Effect of Cultural Nutritional Practices on the Learning Outcomes among Lower Primary School Pupils in Kwale County, Kenya
Kasingiu, Florence Syombua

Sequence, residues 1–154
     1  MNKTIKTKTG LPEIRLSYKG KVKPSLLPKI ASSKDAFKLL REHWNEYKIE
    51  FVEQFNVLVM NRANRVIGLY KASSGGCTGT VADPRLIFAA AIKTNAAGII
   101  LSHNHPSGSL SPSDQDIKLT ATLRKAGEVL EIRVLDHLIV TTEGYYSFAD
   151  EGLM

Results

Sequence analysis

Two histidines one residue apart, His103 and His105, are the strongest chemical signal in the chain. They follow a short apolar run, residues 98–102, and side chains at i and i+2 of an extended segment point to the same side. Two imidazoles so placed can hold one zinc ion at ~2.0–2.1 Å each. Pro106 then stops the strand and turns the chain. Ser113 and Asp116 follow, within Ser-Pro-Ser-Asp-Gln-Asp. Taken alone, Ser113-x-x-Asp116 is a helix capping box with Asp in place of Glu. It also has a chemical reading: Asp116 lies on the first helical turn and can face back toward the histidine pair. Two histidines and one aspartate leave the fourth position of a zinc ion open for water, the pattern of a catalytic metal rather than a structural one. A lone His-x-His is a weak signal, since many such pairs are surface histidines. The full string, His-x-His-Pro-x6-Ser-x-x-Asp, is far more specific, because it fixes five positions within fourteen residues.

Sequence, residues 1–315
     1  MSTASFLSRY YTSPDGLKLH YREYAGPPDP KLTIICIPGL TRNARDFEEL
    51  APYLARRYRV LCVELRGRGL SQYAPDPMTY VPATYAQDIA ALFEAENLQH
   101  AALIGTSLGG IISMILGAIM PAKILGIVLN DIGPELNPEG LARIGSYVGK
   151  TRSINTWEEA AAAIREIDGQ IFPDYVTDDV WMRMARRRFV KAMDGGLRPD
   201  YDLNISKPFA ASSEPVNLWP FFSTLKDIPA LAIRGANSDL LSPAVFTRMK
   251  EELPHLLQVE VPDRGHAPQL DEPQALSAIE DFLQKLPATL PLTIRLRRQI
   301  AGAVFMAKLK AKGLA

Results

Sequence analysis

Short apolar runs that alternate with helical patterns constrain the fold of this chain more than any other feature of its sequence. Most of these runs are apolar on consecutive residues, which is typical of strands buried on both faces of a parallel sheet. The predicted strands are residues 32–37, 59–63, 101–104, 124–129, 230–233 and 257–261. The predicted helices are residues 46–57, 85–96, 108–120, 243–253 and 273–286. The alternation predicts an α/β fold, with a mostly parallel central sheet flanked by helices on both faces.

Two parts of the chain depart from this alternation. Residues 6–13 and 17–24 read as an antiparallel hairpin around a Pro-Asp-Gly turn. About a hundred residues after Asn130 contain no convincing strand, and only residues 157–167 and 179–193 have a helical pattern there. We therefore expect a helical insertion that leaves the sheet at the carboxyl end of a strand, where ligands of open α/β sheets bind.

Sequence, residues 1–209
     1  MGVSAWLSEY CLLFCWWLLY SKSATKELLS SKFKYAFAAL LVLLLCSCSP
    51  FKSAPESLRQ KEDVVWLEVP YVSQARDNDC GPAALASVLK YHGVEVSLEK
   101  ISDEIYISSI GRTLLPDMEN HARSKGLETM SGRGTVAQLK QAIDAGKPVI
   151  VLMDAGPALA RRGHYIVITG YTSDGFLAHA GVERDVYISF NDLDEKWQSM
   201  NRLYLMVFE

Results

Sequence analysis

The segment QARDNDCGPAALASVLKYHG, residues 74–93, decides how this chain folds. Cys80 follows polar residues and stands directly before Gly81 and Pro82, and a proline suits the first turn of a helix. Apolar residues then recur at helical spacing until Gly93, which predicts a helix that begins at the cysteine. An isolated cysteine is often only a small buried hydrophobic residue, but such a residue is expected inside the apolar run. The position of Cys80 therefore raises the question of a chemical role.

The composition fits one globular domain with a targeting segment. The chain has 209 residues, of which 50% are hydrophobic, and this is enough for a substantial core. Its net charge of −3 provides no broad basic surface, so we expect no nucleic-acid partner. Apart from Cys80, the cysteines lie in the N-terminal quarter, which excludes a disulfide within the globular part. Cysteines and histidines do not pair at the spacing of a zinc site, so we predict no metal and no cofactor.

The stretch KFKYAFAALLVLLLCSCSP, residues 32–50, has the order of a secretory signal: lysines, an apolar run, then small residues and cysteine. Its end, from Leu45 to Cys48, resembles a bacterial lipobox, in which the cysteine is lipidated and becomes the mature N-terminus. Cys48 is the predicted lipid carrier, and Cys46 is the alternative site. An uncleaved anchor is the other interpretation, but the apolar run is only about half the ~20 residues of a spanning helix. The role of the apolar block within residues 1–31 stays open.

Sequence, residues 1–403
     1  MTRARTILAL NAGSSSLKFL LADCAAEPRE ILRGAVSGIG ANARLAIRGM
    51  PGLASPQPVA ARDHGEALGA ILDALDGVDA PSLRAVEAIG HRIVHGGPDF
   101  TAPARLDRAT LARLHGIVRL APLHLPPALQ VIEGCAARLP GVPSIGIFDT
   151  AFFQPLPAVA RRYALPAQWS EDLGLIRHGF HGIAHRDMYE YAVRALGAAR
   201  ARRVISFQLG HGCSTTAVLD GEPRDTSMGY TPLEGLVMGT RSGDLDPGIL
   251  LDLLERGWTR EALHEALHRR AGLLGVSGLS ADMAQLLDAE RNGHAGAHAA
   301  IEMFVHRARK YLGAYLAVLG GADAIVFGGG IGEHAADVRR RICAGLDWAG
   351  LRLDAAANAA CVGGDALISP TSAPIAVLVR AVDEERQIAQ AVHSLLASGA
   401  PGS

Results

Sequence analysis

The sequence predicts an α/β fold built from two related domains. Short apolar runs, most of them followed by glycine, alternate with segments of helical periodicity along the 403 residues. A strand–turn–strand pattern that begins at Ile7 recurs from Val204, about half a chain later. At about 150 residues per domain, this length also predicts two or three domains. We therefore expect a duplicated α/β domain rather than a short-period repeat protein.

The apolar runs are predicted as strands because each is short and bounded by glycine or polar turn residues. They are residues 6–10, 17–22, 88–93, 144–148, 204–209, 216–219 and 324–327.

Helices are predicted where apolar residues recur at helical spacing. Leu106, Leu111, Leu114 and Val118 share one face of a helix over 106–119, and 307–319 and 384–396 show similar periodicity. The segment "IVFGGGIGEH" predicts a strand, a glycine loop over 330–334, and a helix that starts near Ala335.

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Despite programmes being initiated to improve maternal and new-born health including the Baby Friendly Hospital Initiative (BFHs), a global programme aimed at enhancing optimal levels of maternal and infant feeding and care in health care facilities, the envisaged results of these programmes have not been satisfactorily achieved in Taru, Kinango Sub-County, Kwale County, Kenya due to several challenges. These challenges include, among others, retrogressive myths and cultural beliefs which contribute to reluctance to adopt good practices through behaviour change in relation to maternal and child nutrition intake. The study was guided by the following main objectives; establish the status of cultural nutritional practices among children in primary schools; determine the influence of cultural nutritional practices on cognitive development; explore the impact of nutritional practices on mastery skills; and establish the role of proper nutritional intake on performance in test. This study was guided by Abraham Maslow’s Theory of Hierarchy of Needs. The research employed the descriptive survey design which is description of the state of the affairs as it exists and the researcher reports the findings. Questionnaires, interviews schedules and observation schedules were used to collect data. This study targeted a total of 795 respondents comprising of 694 lower primary pupils, 87 teachers and 8 head teachers and 6 health workers from 8 primary schools in Taru Location. Piloting of instruments was done in two different schools to ascertain their reliability and validity. The researcher used both quantitative and qualitative data analysis techniques for this study because both approaches complement each other. The data collected by use of the questionnaires were coded, assigned labels to variables’ categories and fed into the computer. The quantitative data were analysed quantitatively with the aid of Statistical Packages for Social Sciences (SPSS). Frequency tables, bar-graphs and pie charts were employed to present the information. Inferential statistics such as mean and standard deviation were utilized to summarize the relationship between independent and dependent variables. Qualitative data obtained from interview schedule were organized into themes and discussed based on research objectives. Findings revealed that the general nutritional status of the children was below the optimal levels. Malnutrition among pupils in lower primary schools caused an array of psychosocial problems like illness, brain damage, delayed physical growth, delayed development of motor skills and delayed intellectual development. Majority of teachers agreed that children with poor nutritional practices in their classes were not attentive during teaching. Most children who were undernourished recorded lower performance as compared to those who were well fed and had good nutrition status. The study concluded that nutrition status of pre-school children greatly affected their mastery skills, cognitive development and academic performance. The study recommended that school-based feeding programmes should be set up so that they play an important and effective role in improving nutritional status of school going children and hence their performance. The government of Kenya through the Ministry of Basic Education should promote interventions that improve the quality and quantity of school meals.